The one (or maybe two) hour guide to the French Quarter
If you are in New Orleans for some reason, and only have an hour or two to look around, here is the route I would suggest.
Start on Bourbon street at Canal street, and follow Bourbon into the Quarter. I don’t advise this because it is the best part of the French Quarter, but because it is probably where you will start no matter what I advise. Besides, It is what your friends will probably ask you about when you get home, so you might was well be able to talk about it.
Bourbon street is predominantly a theme park for drunks. There are a lot of bars, a few strip clubs, and a lot of cheesy souvenir shops. The bars are full of cover bands playing the same songs you’d hear from cover bands wherever you call home. I think there is a law requiring at least one band on Bourbon street to to play “Sweet Home Alabama” and another to play “play that funky music”at all times. There are a few places which aren’t horrible on Bourbon, but if you only have an hour, you won’t have time to properly enjoy them.
So, start on bourbon, pick a bar at random, or go to one of the famous ones, and get a potent beverage in a go cup. In the French Quarter, you aren’t allowed to drink from glass containers on the streets, but any bar will happily serve you a drink you can take with you. And yes, they call them “go cups,” because apparently, “to go,” is too hard to say.
If you don’t drink, I would seriously advise you to stay off of Bourbon Street.
One of the more popular drinks is called a Hurricane, and it was invented on Bourbon Street, not long after prohibition ended. Rum was in such bountiful supply, (but with such little demand) that the liquor distributors would require bars to buy a certain number of cases of rum when they bought the other more fashionable liquors. So bars embarked on a quest to make rum cocktails which people would drink, and the Hurricane was born.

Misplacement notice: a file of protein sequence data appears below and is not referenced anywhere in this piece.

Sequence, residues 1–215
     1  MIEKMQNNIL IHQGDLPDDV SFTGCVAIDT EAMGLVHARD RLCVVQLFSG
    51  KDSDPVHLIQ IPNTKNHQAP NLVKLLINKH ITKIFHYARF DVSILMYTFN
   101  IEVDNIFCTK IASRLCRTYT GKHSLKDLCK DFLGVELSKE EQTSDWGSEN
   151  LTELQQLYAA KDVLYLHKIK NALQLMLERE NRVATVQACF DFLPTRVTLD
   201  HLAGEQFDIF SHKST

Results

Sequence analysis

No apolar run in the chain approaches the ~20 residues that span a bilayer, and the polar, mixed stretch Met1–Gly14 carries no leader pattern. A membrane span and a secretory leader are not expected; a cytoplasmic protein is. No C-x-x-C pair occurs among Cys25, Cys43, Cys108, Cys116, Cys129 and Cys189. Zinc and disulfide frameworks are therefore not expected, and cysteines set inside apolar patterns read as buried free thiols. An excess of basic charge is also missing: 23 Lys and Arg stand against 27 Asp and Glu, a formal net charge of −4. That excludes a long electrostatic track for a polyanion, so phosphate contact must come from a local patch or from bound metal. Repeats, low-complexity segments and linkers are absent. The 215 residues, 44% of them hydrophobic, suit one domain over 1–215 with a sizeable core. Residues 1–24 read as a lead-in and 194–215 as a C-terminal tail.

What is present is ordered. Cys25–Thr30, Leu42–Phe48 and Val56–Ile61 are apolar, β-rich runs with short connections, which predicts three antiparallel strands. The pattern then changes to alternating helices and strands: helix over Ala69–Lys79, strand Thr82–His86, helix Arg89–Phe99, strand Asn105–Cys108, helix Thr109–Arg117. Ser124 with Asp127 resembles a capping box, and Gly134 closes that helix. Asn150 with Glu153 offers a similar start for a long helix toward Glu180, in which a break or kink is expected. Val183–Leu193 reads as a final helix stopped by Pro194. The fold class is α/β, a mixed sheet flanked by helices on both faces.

Anyway,once you have a potent and hopefully flavorful beverage in hand, you might want to continue a bit further down Bourbon, just so you can say you’ve properly seen the spectacle. How far you should go depends on how much you like what you see. Some times of the year, (or even some times of the day) Bourbon can be crowded to the point of being impassable. Other times it can be fairly dead. If you make it as far as St Ann Street, you have run out of most of the entertainment potential. At that intersection though, you’ll find Marie Laveau’s House of Voodoo, which is worth a couple of minutes of browsing, especially if you are looking for a relatively unique gift or two.
In any case, when you have had your fill of Bourbon Street, whether it was after one block or several, Head toward the river. (This will probably mean turning right off Bourbon.) The next street over is Royal St. If you you find Dauphine St, you are heading the wrong way.
Some times, depending on time of day and time of year Royal St. is full of a wide variety of street performers. Many of their acts are quite good. (Some are quite ridiculously not.) If you are not too pressed for time, and there are performers, it may be worth your while to hang out for a while and watch an act or two. Royal St, is also home to a huge number of art galleries and antique stores, the window shopping potential is huge, and if you have money, the sky is the limit on what you can spend.
From Royal you’ll want to head over to Jackson Square. Pirate’s Alley, Pere Antoine Alley, St Peter St. or St Ann St. will all take you directly there. Of those routes, Pirate’s alley is probably the most scenic. Basically though, when you see the back of Saint Louis Cathedral, find your way to the front of it, and you’ll be in Jackson Square.
In and around Jackson Square, you’ll find artists, fortune tellers, street performers, shops, and restaurants. For as much of the full tourist experience as possible in your short time frame, I’d suggest getting your fortune told. It’s not very expensive, it’s fun and is a good story when you get home.
Top it off with an order of Beignets from Cafe Du Monde, and you’ve covered enough of the highlights to be able to make it sound like you had more than an hour.